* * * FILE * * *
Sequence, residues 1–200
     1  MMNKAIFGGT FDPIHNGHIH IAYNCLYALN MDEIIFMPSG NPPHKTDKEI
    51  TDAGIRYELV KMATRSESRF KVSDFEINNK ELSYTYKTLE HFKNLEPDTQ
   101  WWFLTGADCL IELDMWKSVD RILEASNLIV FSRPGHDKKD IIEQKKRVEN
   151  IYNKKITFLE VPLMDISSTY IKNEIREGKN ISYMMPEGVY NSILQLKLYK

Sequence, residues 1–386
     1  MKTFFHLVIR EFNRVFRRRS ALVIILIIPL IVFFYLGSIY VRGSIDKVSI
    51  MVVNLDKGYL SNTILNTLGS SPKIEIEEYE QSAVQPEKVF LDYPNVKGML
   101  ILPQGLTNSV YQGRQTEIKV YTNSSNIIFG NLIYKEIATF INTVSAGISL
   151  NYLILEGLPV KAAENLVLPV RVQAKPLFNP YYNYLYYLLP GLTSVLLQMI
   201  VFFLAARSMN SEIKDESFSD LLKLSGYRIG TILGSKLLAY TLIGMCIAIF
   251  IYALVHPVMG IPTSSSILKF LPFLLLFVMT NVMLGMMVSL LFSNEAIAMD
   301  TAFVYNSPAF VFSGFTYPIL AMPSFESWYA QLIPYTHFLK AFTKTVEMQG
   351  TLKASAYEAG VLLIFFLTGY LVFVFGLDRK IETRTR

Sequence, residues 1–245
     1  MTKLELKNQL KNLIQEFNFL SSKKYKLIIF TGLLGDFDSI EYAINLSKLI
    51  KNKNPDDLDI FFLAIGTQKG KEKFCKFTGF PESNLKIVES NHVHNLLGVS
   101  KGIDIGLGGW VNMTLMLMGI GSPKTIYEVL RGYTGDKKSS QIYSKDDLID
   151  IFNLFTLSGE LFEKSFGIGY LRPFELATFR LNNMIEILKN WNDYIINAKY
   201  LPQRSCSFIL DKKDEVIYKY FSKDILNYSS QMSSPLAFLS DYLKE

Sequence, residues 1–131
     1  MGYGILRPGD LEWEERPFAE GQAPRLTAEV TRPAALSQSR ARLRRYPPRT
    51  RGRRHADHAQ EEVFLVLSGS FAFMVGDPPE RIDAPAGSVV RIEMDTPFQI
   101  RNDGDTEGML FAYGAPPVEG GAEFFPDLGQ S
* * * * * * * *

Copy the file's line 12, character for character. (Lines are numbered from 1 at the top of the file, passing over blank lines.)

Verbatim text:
   251  IYALVHPVMG IPTSSSILKF LPFLLLFVMT NVMLGMMVSL LFSNEAIAMD